Monday, January 16, 2012

Class Warfare

Class Warfare

By Michael Maynard
January 12, 2012

“I think it's about envy. I think it's about class warfare.” Mitt Romney on “The Today Show.” responding to Matt Lauer’s question the concerns of anyone about the increasingly inequal distribution of wealth in the U.S. "I think when you have a president encouraging the idea of dividing America based on 99 percent versus one percent... you've opened up a whole new wave of approach in this country which is entirely inconsistent with the concept of 'one nation under God.'" ... "I think it's fine to talk about those things in quiet rooms and discussions about tax policy and the like,"

Willard Mitt Romney has a problem being in touch with “the common man”. In his case, he is completely out of touch with the underlying reasons why the Occupy protest movement spread rapidly and about the growing anger and resentment about the increasing inequality of wealth in the United States. Since he is a member of the 1%, Romney should be defensive about how he developed his extensive fortune.

(According to a Pew Research study) “In 2009, 47 percent of respondents said there were "very strong" or "strong" conflicts between the rich and poor. In 2011, 66 percent saw the same, possibly signaling that the "We are the 99 percent" rhetoric of Occupy Wall Street has had an impact. The ongoing economic recession also may have magnified class differences as income inequality has risen, continuing a trend occurring in American society since at least the 1970s.” (Source - The Huffington Post “Class Conflict Awareness Rose Significantly From 2009 To 2011: Report”)

The Great Recession and its impact upon middle and lower class families should rightly be the primary topic of the 2012 Presidential campaign. Of course, how to reignite the economy needs to be discussed in public. The exchange of ideas about job creation and increased investment in the United States to create more permanent high-paying manufacturing and skilled jobs, not more lower paying service sector and temporary jobs, should be the central issue. Mitt Romney should be leading this discussion since he is stating that his business expertise and experience are why he should become President.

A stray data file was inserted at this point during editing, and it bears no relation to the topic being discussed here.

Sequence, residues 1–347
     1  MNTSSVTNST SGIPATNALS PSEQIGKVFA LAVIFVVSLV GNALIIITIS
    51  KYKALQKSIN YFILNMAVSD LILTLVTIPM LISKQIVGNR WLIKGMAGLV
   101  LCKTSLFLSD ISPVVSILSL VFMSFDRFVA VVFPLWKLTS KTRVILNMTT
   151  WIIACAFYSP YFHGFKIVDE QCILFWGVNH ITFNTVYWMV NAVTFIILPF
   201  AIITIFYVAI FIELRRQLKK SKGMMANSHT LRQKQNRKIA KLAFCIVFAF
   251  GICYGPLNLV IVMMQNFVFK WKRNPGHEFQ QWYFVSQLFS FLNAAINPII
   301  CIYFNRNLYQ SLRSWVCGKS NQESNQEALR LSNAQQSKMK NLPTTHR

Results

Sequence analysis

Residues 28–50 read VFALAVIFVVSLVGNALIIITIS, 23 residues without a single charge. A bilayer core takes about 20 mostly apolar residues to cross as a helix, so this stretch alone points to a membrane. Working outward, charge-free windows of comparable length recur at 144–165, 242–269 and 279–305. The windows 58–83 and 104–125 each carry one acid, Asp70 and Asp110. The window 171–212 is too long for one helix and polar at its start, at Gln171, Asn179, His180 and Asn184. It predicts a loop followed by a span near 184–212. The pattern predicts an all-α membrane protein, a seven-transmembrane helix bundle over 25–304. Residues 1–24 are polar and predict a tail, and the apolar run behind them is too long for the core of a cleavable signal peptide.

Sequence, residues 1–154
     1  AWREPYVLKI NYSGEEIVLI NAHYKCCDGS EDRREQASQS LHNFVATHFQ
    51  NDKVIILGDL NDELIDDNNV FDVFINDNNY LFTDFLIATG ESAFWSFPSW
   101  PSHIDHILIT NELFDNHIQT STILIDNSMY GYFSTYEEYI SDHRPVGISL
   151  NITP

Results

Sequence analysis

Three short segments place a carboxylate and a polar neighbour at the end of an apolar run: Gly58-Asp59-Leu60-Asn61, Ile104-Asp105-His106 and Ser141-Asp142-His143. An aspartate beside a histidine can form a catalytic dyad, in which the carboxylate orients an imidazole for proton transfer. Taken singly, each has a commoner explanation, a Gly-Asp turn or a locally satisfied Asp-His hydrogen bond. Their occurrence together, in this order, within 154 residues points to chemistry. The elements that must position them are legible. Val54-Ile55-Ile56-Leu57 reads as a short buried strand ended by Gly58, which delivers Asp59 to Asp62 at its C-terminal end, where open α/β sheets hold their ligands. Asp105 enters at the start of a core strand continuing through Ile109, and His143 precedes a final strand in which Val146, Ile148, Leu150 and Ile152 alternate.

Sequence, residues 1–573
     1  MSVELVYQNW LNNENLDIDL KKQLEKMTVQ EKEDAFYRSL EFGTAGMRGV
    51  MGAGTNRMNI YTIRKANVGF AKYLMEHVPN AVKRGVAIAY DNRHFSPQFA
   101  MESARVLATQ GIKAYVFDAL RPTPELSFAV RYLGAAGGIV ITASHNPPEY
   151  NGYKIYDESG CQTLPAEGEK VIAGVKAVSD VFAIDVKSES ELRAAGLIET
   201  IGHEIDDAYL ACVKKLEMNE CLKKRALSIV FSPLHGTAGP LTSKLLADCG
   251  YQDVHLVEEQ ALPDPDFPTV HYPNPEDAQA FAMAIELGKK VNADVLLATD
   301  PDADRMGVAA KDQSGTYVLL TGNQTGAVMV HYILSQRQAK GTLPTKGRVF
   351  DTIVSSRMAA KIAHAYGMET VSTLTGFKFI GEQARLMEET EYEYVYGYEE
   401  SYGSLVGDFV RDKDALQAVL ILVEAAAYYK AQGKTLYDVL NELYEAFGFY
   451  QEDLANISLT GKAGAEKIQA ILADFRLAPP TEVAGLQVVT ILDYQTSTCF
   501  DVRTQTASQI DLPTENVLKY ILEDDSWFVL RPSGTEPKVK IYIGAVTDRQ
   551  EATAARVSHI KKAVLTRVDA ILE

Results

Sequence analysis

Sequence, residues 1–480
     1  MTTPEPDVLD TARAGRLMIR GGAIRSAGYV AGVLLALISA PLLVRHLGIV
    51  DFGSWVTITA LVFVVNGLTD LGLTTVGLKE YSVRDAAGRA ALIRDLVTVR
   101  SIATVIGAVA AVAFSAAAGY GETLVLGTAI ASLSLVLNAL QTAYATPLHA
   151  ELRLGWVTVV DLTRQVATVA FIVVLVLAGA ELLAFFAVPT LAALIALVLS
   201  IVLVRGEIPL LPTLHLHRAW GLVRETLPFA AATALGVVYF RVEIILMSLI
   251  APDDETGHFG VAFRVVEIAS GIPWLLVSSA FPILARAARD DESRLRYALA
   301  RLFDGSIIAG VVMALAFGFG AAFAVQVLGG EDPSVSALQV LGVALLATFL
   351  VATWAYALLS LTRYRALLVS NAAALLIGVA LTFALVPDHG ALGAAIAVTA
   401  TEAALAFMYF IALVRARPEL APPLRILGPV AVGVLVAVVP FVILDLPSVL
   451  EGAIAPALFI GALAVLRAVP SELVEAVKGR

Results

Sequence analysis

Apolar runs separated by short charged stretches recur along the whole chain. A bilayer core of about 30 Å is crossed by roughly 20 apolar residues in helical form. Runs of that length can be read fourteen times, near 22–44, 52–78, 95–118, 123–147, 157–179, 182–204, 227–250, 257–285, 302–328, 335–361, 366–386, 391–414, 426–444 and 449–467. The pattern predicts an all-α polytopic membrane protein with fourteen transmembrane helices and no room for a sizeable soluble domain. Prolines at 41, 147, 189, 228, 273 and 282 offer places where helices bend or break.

Are his self-professed expertise and experience really reasons to vote for him? . During his tenure as a venture capitalist, Bain Capital most of the investments made were in retail or service companies, such as Staples, The Sports Authority and Artisan Entertainment. No creating good jobs at higher wages there.

Bain Capital switched to high risk investments, leveraged buyouts, in which the “investment” is really debt, using the company’s assets as collateral. The only fundamental difference between leveraged buyouts and home mortgages are the number of zeroes and the interest percent involved. Often, massive layoffs occurred after the investment was made. Bain Capital claimed to have an 113% percent return on investment, but that high rate of return was made on only a few of its investments. Some of the highest were a 3400% return on Calumet Coach and a 1600% return on the Gartner Group. Both Calumet and Gartner are service companies. I strongly doubt that any of the Occupy movement protesters were investors in these companies.

Was Romney being defensive about his one term as Governor of Massachusetts from 2003 to 2007? He’s already backed away from his largest achievement ensuring health insurance coverage for all citizens. He did inherit a budget gap of $3 billion dollars, created during the terms of the three previous Republican Massachusetts governors: William Weld, Paul Celluci and Jane Swift. Job growth increased at a 1.3 percent rate during Romney's term in office, ranking Massachusetts 47th out of 50 states during that time.

The state of Massachusetts raised $501 million in new income in the first year of the fee increase program, more than any other state in the nation that year (New York was second with $367 million. Nine other states raised fees and fines by more than $100 million). There were increases in 88 different new or existing fees, including fees to get a marriage license, renew a driver's license, legally possess a gun, recording the sale of a house upon closing, and from Children's Medical Security Program co-pays and premiums, the program for low-income families.. Romney also approved $128 million in tax changes such as sales tax from purchases on the Internet, and raised another $181 million in additional business taxes in the next two years. The total of increased taxes on businesses was $308 million per year.

However, the primary reduction in Massachusetts debt was from capital gains tax revenue caused by a previously enacted capital gains tax increase, lowering the deficit by $1.3 billion. So the real debt reduction was from higher taxes on the 1%. A lot of pain was inflected on the wallets of the 99%, needlessly.

As a management consultant, venture capitalist and governor, Mitt Romney’s policies, investments and programs did not produce jobs, especially not good jobs at higher wages. Those policies and programs are very similar to the ones proposed by his other Republican primary competitors. We all know by now the definition of insanity. There are no sane reason to believe that those economic results would change if any of them became President.

The class warfare would continue on, unabated.

No wonder he’s so defensive.

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